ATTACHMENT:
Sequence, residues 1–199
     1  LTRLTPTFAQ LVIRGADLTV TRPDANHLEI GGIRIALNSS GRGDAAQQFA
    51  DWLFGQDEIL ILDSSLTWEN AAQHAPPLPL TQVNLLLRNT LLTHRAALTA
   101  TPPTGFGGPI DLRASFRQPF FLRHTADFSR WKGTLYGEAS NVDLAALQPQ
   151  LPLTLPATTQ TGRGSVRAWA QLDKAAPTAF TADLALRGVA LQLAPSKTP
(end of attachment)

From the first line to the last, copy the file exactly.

Sequence, residues 1–199
     1  LTRLTPTFAQ LVIRGADLTV TRPDANHLEI GGIRIALNSS GRGDAAQQFA
    51  DWLFGQDEIL ILDSSLTWEN AAQHAPPLPL TQVNLLLRNT LLTHRAALTA
   101  TPPTGFGGPI DLRASFRQPF FLRHTADFSR WKGTLYGEAS NVDLAALQPQ
   151  LPLTLPATTQ TGRGSVRAWA QLDKAAPTAF TADLALRGVA LQLAPSKTP